Transmission is through the bite of arthropods (ticks and deerflies, also mosquitoes in Sweden, Finland, and Russia), direct contact with infected animals, aerosols generated by skinning/processing infected animals, and ingestion of contaminated food or water.

The average incubation period is 3 to 5 days. F tularensis can be transmitted to humans via various mechanisms:

  • Bites by infected arthropods (see References: Klock 1973, Markowitz 1985)
  • Direct contact with infected animals
  • Handling of infectious animal tissues or fluids (see References: Young 1969)
  • Ingestion of contaminated food, water, or soil (see References: Barut 2009, Greco 1987, Mignani 1988, Reintjes 2002, Willke 2009); murine models have confirmed that F tularensis is an effective oral pathogen and may pose a hazard, particularly to immunocompromised individuals, if ingested in contaminated food or water (see References: KuoLee 2007)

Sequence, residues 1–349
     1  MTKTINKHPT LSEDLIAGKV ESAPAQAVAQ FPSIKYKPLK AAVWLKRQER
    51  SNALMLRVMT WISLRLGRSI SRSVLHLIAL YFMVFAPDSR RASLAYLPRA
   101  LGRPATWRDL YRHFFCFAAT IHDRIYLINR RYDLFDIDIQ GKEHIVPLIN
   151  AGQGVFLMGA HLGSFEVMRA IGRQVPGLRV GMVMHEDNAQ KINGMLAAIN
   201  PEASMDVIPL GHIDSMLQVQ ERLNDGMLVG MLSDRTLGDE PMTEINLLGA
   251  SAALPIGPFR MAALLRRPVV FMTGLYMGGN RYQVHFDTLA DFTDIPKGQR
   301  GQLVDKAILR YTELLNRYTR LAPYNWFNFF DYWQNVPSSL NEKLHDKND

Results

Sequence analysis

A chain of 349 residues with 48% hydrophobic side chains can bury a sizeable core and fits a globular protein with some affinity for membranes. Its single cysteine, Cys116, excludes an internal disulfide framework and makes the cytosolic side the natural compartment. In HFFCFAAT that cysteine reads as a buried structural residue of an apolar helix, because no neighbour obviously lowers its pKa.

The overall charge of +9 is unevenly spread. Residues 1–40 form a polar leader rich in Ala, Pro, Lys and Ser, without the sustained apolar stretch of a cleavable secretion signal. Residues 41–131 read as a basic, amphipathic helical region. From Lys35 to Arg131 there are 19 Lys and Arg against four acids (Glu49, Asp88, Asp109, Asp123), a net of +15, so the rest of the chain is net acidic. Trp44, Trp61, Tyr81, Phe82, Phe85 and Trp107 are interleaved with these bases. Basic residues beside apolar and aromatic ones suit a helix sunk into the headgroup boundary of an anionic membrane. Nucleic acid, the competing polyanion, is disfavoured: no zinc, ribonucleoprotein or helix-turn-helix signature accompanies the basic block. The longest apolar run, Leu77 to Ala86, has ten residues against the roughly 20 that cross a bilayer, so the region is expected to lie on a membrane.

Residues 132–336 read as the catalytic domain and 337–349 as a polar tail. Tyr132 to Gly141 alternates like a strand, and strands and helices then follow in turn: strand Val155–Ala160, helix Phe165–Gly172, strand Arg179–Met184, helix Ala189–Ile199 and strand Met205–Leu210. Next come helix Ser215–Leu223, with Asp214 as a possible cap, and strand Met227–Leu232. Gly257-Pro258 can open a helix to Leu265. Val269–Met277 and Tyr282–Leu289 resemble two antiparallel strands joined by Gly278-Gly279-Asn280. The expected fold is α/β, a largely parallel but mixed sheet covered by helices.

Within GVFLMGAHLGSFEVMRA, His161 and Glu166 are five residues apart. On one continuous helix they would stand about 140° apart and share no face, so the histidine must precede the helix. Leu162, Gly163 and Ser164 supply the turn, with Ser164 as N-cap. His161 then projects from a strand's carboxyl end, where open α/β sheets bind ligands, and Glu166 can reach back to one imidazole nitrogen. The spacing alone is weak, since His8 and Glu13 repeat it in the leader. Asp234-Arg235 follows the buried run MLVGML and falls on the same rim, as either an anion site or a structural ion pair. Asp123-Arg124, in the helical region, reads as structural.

• Possibly direct contact with contaminated soil or water
  • Inhalation of infectious aerosols, including dust from contaminated hay (see References: Dahlstrand 1971) and aerosols generated by lawn mowing and brush cutting (see References: Feldman 2001, Feldman 2003)
  • Exposure in the laboratory setting (eg, inhalation of infectious aerosols, handling cultures or other infectious materials, accidental percutaneous exposure) (see References: Overholt 1961, Pike 1976)

Person-to-person transmission has not been documented.

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